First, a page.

Traditional, from Joan Baez, Michael Nesmith

Along came the F.F.V.
The swiftest on the line
She was runnin' down the C&O road
Just twenty-five minutes behind

Runnin' into Sewall
The headquarters on the line
And receivin' very strict orders
From the station right behind

Georgie's mother came to him
Her bucket on her arm
And she said, "My darlin' son,
Be careful how you run,

There's many a man that's lost his life
Just tryin' to make lost time.
But if you run your engine right
You'll get there right on time."

Up the tracks she darted
And into a rock she crashed
Upside down the engine turned
And poor Georgie's head was smashed

His head lay 'gainst the firebox door
And the flames were runnin' high
And he said, "I'm proud to be born for an engineer
With C&O road to die."

The doctor said to Georgie,
"My darlin' boy, be still.
Your life may yet be saved
If it is God's precious will."

"Oh no," cried he, "That will not do.
I'd rather die so free.
I want to die for the engine I love:
One hundred and forty-three."

The doctor said to Georgie,
"Your life cannot be saved."
He was murdered on a railway
And laid in a lonesome grave

And his eyes were covered up with blood
And his eyes they could not see
So the very last words poor Georgie cried
Were, "Nearer my God to thee."

This folk song, also known as "Engine 143" and "The Wreck On The C&O",
is based on the events of 23 Oct 1890, when a landslide 3 miles
east of Hinton, West Virginia caused a trainwreck.

The best-known recording of "Engine 143" is by the Carter Family.


The Wreck on the C & O

This ballad, like that of "John Hardy", was made in West Virginia. Ten variants
have been found, all very much alike. The facts out of which the song grew
were obtained from Miss Margaret Alley and Mr. Ernest N. Alley, Alderson, West
Virginia, sister and brother of George Alley, the man killed in the wreck, and
from Mr. R.E. Noel Hinton, formerly an engineer on the Chesapeake and Ohio

George Alley was born in Richmond, Virginia, July 10, 1860, was married and had
four children. The wreck on the C & O in which he was killed occurred at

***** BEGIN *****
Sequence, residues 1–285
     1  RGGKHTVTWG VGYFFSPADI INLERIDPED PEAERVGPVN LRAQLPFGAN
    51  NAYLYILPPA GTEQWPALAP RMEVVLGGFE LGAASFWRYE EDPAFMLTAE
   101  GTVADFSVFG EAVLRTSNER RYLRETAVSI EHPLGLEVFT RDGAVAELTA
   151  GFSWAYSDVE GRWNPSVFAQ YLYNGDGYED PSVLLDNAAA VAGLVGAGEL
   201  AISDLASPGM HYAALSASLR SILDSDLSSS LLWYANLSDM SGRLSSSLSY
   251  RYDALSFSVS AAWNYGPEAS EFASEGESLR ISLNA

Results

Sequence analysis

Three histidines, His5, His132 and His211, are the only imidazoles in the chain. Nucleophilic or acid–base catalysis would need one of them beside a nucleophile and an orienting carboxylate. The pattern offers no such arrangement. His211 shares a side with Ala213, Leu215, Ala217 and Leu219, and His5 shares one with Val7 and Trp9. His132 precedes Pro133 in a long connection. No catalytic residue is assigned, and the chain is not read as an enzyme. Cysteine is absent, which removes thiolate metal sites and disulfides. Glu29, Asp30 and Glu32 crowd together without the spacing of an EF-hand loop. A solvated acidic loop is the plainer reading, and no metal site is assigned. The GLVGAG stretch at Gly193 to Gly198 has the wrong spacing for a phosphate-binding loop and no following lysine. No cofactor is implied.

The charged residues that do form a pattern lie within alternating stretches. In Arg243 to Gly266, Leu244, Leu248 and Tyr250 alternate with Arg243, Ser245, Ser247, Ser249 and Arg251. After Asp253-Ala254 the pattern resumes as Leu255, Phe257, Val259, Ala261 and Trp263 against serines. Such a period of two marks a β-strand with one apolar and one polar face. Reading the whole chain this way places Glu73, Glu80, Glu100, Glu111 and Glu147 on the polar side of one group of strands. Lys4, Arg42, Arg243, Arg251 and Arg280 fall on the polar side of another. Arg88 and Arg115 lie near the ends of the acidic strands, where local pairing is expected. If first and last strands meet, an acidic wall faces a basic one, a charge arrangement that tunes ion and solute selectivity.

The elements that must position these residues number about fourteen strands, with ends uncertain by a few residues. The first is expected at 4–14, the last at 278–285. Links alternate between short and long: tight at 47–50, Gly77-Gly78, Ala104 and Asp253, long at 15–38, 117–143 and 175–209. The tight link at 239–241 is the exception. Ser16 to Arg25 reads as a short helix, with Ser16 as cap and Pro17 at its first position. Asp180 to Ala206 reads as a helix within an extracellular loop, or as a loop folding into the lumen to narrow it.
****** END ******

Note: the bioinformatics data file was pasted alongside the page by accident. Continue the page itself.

5:40 A.M., October 23, 1890. He was running train No. 4, the F.F.V. (Fast Flying
Vestibule), engine No. 134. He lived five hours after being hurt. The wreck
occurred three miles east of Hinton, and was caused by a landslide. Lewis Withrow,
the regular fireman, was firing the engine. He had been "laying off," but, on the
morning of the wreck, took his run back at Hinton.

Jack Dickinson was not on the engine, but Robert Foster was. He had been working
in Withrow's place, and his run being out of Clifton Forge, he was deadheading
back home that morning. Neither he nor Withrow jumped into the New River: he went
out of the window on the left side of the engine, that being the side away from
the river, and Withrow went out of the gangway on the same side. The engine
turned over on the opposite side, that is, toward the river. Withrow was badly
hurt and for a long time it was thought he would not live.

George Alley was six feet tall, weighed about 170 pounds, had a dark complexion,
black eyes and straight black hair. At the time of the wreck his home was at
Clinton Forge. The ballad and the facts agree as follows: (1) The F.F.V., train
No.4, was running east on the C & O Railroad, was wrecked near Hinton by a
landslide. (2) The regular engineer, George Alley, was killed. (3) The fireman
saved his life by jumping from the engine.

As in "John Hardy," certain fundamental facts are retained, but the details are
entirely untrustworthy.

(Folk Songs of the South edited by John Harrington Cox)

Along came the F.F.V., the fastest on the line,
Came running o'er the C & O Road, just twenty minutes behind;
Came running into Sewell, lies quartered on the line,
And then received strict orders for Hinton, away behind.

Many a man's been murdered by the railroad,
By the railroad, by the railroad; (Chorus)
Many a man's been murdered by the railroad,
And is sleeping in his lonesome grave

When she got to Hinton, her engineer was there,
Georgie Allen was his name, with blue eyes and curly hair;
His fireman, Jack Dickinson, was standing by his side,
Waiting for his orders, and in his cab to ride.

Georgie's mother came to him with a basket on her arm,
Saying, "Now, my darling son, be careful how you run;
For many a man has lost his life trying to gain lost time,
And if you run your engine right, you'll get there yet on time."

Georgie said to his pal, "Jack, just a little more steam;
I mean to pull old No. 4 the fastest ever seen;
And o'er this road I mean to fly with a speed unknown to all,
And when I blow for the Stock Yard Gate, they will surely hear my call."

Georgie said to his pal, "Jack, a rock ahead I see;
I know that death is waiting to grasp both you and me;
So from this cab you must fly, your darling life to save,
For I want you to be an engineer when I am sleeping in my grave."

Up the road she darted; against the rock she crashed;
Upside down the engine turned, upon his breast it crashed;
His head upon the firebox door, the burning flames rolled o'er;
"I'm glad I was born an engineer to die on the C & O Road."

Georgie's mother came to him, "My Son what have you done?"
"Too late, too late my doom is almost run."
The doctor said to Georgie, "My son, you must lie still;
Your precious life may yet be saved, if it be God's holy will."

"O no, doctor, O no! I want to die so free;
I want to die with my engine, old 143."
His last words were, "Nearer, my God, to Thee, nearer to Thee,
Nearer, my God, to Thee, nearer to Thee."

(This version contributed by Mr. John B. Adkins
April 1, 1916)